chrysomelid larvae and adults.а Tetrahedron 38:1891-1897.
PASTEELS J.M., M. ROWELL-RAHIER and M.J. RAUPP (1988) Plant-defived defense in
chrysomelid beetles.а In P. Barbosa and D, Letourneau, Eds.а Novel aspects of
Insect-Plant Interactions. pp. 235-272.
PASTEELS J.M., M. ROWELL-RAHIER, J.-C. BRAEKEMAN and D. DALOZE (1984). Chemical
defenses in leaf beetles and their larvae: The ecological, evolutionary and
taxonomic significance.а Bioch.а Syst.а Ecol. 12:395-406.
PASTEELS J.M., M. ROWELL-RAHIER, J.-C. BRAEKEMAN and D. DALOZE (1994). Chemical
defense in chrysomelid leaf beetles updated.а Iii P.H. Jolivet, M.L. Cox and E.
Petipierre, Eds.а Novel aspects of the biology of Chrysomelidae. pp. 289-301.
PASTEELS J.M., M. ROWELL-RAHIER, J. -C.а BRAEKEMAN and A. DUPONT (I 983). Salicin
from host plants as a precursor of Salycyaldehyde in defensive secretion of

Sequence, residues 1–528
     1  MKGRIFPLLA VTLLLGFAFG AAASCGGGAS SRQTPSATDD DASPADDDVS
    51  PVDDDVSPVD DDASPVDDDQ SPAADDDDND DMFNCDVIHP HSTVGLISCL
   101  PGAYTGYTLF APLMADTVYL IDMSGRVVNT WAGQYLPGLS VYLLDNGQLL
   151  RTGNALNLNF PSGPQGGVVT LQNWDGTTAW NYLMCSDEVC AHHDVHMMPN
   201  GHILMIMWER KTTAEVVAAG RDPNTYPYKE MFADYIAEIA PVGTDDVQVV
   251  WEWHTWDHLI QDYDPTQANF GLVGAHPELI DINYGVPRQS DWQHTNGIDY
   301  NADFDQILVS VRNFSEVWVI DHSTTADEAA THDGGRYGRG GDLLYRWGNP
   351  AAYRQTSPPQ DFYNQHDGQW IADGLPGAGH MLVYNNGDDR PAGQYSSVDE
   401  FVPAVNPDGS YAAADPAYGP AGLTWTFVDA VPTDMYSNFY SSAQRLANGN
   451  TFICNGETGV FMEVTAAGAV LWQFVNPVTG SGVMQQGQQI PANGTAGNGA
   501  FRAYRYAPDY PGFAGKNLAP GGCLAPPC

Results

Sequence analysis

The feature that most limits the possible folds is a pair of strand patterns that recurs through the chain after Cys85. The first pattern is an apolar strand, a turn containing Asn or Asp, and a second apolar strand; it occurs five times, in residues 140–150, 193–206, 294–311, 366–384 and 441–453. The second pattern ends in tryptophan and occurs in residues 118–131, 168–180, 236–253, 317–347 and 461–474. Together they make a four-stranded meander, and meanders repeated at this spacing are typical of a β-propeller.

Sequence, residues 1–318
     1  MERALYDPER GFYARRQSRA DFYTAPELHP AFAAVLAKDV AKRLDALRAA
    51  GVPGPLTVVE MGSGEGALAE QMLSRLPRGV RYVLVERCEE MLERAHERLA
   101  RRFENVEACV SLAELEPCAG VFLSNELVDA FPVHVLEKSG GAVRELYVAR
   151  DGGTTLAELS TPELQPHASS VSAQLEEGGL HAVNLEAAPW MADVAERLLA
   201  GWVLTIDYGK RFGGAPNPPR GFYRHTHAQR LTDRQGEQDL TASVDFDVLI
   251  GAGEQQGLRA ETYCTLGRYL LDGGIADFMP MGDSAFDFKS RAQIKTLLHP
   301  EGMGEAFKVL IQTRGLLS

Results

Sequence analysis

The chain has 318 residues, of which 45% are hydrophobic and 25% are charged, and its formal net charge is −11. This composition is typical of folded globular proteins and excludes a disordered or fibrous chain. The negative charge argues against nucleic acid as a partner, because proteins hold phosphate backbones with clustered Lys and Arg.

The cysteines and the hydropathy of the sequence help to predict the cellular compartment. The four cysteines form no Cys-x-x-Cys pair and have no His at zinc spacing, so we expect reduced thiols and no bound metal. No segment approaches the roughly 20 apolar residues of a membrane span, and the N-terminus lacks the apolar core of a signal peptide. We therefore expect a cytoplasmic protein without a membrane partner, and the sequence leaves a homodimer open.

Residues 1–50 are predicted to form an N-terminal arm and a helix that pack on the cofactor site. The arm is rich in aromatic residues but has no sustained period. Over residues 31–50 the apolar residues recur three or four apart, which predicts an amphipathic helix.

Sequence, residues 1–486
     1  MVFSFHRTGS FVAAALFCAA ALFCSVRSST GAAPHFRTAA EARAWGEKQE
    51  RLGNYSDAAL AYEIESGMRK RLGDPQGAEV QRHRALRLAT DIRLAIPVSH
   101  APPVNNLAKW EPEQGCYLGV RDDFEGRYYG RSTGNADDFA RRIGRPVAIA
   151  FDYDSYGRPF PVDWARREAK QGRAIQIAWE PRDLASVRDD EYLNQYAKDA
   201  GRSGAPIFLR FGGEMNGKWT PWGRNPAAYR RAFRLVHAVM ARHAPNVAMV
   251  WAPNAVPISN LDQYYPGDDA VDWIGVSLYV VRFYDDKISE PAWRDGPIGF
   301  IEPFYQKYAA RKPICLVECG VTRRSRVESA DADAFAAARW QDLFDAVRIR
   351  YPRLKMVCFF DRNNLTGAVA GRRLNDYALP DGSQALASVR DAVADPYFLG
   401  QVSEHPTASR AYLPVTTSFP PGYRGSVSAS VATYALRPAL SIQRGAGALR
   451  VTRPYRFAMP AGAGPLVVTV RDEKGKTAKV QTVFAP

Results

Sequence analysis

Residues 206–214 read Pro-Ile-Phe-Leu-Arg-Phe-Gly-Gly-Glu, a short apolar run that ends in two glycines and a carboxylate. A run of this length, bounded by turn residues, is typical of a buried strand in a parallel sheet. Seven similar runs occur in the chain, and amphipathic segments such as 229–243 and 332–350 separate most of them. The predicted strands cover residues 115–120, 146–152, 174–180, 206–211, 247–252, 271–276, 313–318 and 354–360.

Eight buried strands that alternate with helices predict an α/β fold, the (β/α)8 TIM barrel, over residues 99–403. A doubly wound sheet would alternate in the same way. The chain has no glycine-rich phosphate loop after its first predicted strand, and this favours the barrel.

Chrysomelina larvae.а Physiol.а Entomol. 8: 307-314.
PASTEELS J.M., S. DOBLER, M. ROWELL-RAHIER, A. E and T, HARTMANN (1995),
Distribution of autogenous and host-derived chemical defenses in Oreina leaf
beeteles (Coleoptera: chrysomelidae).а J. Chem.а Ecol. 21: 1163-1179.
RANK, N.E. (1991).а Effects of plant chemical variation on a specialist herbivore:
Willow leaf beetles in the Eastern Sierra Nevada.а Iii : C.A. Hall, V. Doyle-Jones
and B. Widawski, Eds. Natural History of California and High Altitude Research.а
Proc.а White Mountain Research Station Symposium, Vol 3. pp 148-160.
RANK, N.E. (1992).а Host plant preference based on salicylate chemistry in a willow
leaf beetle (Chrysomela aeneicolis) Oecologia 90:95-101.
RANK, N.E. (1994).а Host-plant effects on larval survival of a salicin-using leaf
beetle Chrysomela aeneicollis Schaeffer (Coleoptera: Chrysomelidae).а Oecologia
RANK, N.E. and J.T. SMILEY (1994).а Host-plant effects on Parasyrphus melanderi